Chick-fil-A CEO Regrets Controversy... But
Dan Cathy, the CEO of Atlanta-based fast food chain Chick-fil-A who made headlines nearly two years ago for denouncing gay marriage, opened up about his controversial statements in a new interview with the Atlanta Journal-Constitution Friday.
"Every leader goes through different phases of maturity, growth and development and it helps by (recognizing) the mistakes that you make," Cathy said. "And you learn from those mistakes. If not, you're just a fool. I'm thankful that I lived through it and I learned a lot from it."
In the summer of 2012, Cathy, 61, condemned gay marriage in a radio interview, saying same-sex marriage supporters are "arrogant" for going against God. He also defended Chick-fil-A's longstanding anti-gay stance
"I think we are inviting God's judgment on our nation when we shake our fist at him and say, 'We know better than you as to what constitutes a marriage,'" Cathy said. "And I pray God's mercy on our generation that has such a prideful, arrogant attitude to think that we have the audacity to define what marriage is about."
When he was criticized for his comments, Cathy said he was "guilty as charged" and is very "supportive of the family -- the biblical definition of the family unit."
"We are a family-owned business, a family-led business, and we are married to our first wives. We give God thanks for that," Cathy told the Baptist Press back in 2012.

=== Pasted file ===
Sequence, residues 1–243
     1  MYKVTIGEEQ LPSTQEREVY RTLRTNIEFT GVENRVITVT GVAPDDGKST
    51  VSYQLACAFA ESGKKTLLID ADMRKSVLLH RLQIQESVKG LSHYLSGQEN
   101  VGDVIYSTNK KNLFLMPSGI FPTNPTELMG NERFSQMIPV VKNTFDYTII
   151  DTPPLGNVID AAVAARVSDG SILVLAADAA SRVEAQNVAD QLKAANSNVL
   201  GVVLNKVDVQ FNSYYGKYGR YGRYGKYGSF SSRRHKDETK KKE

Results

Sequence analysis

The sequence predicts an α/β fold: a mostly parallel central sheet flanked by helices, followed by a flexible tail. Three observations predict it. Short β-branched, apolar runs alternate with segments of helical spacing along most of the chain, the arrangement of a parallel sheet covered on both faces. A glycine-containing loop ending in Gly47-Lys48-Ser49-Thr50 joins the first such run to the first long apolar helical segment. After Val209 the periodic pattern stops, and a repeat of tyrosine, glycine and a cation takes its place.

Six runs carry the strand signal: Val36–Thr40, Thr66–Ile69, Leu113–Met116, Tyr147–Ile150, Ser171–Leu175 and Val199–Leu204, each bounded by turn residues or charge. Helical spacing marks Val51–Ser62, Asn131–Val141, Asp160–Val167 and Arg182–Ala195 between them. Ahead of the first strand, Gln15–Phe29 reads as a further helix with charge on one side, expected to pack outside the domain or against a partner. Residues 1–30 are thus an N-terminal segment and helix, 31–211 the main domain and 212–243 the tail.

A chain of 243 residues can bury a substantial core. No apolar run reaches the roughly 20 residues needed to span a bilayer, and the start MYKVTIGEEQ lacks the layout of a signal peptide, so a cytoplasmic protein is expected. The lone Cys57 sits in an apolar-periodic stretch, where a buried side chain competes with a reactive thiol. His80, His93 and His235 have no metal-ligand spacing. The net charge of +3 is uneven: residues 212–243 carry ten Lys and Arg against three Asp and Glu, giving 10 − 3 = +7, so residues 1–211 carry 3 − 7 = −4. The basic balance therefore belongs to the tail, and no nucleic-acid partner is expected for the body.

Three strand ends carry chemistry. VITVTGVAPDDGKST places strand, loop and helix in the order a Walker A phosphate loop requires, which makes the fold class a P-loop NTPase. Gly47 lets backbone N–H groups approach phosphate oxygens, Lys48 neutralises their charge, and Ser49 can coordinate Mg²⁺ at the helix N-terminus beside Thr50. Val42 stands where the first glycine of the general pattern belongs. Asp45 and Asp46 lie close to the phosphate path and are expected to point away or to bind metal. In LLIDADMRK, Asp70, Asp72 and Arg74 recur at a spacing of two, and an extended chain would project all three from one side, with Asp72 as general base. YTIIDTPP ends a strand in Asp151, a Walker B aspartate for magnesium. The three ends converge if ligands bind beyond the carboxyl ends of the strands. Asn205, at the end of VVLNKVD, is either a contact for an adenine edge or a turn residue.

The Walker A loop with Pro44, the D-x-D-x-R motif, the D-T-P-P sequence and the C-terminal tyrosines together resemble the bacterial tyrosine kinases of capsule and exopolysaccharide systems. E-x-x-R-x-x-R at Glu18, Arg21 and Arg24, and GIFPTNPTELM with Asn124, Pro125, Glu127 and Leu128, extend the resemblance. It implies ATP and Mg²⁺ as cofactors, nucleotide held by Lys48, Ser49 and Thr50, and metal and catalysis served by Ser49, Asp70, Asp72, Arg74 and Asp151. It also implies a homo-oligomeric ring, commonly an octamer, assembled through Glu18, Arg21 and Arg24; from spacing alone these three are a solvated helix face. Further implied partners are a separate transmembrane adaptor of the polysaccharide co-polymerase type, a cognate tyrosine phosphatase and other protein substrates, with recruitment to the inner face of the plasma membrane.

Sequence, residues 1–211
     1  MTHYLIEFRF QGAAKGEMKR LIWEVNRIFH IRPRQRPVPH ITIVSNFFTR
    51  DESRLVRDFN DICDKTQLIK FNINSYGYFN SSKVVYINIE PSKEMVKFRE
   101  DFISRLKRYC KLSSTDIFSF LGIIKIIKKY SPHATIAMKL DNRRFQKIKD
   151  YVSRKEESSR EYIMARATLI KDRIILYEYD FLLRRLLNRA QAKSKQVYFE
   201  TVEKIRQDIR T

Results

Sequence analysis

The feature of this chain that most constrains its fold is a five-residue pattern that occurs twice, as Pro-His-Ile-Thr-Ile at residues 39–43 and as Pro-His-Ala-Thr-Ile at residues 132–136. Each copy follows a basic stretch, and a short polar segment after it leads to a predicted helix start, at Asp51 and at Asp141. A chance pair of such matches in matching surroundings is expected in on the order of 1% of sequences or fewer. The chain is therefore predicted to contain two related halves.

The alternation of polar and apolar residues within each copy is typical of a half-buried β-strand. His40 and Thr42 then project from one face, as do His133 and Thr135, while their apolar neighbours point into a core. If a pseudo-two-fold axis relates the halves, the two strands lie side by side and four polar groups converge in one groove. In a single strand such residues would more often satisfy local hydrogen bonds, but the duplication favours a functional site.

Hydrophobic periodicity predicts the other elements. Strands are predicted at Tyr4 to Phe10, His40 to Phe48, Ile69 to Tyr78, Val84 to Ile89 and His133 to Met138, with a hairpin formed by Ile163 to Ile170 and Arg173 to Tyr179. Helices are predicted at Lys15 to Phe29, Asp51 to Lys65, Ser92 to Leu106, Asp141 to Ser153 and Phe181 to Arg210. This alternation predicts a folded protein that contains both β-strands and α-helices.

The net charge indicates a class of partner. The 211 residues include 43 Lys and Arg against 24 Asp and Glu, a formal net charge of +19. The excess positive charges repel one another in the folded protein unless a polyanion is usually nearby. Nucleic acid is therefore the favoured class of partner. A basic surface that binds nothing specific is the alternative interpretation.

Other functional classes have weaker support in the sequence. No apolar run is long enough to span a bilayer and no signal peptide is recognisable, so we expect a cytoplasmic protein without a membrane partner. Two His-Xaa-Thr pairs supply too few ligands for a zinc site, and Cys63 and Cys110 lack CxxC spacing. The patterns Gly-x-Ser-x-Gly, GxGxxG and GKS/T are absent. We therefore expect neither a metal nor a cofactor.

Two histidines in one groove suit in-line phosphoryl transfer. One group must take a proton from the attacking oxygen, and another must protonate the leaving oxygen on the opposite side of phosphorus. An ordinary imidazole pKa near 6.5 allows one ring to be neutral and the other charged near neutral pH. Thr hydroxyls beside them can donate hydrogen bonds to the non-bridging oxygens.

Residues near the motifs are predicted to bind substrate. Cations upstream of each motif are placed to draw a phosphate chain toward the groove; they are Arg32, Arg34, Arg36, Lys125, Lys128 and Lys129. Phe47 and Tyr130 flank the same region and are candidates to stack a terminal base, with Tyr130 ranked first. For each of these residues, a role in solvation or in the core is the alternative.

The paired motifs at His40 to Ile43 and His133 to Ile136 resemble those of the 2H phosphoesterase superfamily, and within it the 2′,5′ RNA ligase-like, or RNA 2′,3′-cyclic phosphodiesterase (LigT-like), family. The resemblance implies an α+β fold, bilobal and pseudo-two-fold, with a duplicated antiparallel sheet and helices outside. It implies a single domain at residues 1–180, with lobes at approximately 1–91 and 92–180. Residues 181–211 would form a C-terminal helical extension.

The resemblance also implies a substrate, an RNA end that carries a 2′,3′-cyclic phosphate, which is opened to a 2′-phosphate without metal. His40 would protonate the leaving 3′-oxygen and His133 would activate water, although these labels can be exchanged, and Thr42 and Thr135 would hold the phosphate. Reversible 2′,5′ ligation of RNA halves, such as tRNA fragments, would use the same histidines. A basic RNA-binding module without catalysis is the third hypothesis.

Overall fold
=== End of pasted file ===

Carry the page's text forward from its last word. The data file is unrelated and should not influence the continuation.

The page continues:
Two years later, Cathy says his comments and the drama that ensued not long after, still lingers, even though the company put out press releases saying they do not discriminate against customers or employees based on sexual orientation. Nevertheless, he said that he won't change the fast food's Christian-based policies, including closing stores on Sundays and supporting the traditional family.
"Probably the elements that were stressful for me most is from our internal staff and from operators and how this may be affecting them," Cathy said. "The bottom line is we have a responsibility here to keep the whole of the organization in mind and it has to take precedence over the personal expression and opinion on social issues."
It should be noted, however, that Think Progress reported earlier this month that tax documents state Chick-fil-A's foundations (WinShape Foundation and the Chick-fil-A Foundation) dramatically reduced its donations to anti-gay marriage groups.
In the Atlanta Journal-Constitution interview, Cathy talked about his use of social media, specifically Twitter. Last June he tweeted his disappointment when the Supreme Court struck down part of the Defense of Marriage Act and California's Proposition 8.
"Sad day for our nation; founding fathers would be ashamed of our gen. to abandon wisdom of the ages re: cornerstone of strong societies," he wrote, but then quickly deleted the tweet.
Cathy said he decided to step back from the gay marriage debate after praying and talking with co-workers and friends, including Shane Windmeyer, a gay supporter of marriage equality who helped Cathy understand why marriage was important to the gay community, the newspaper writes.
Still, his views on same-sex marriage have not changed.
"I think the time of truths and principles are captured and codified in God's word and I'm just personally committed to that," he said. "I know others feel very different from that and I respect their opinion and I hope that they would be respectful of mine."
When the Atlanta Journal-Constitution asked how he feels about anti-gay measures that would allow business owners to turn down LGBT customers in the name of religion, Cathy said:
"I think that's a political debate that's going to rage on. And the wiser thing for us to do is to stay focused on customer service"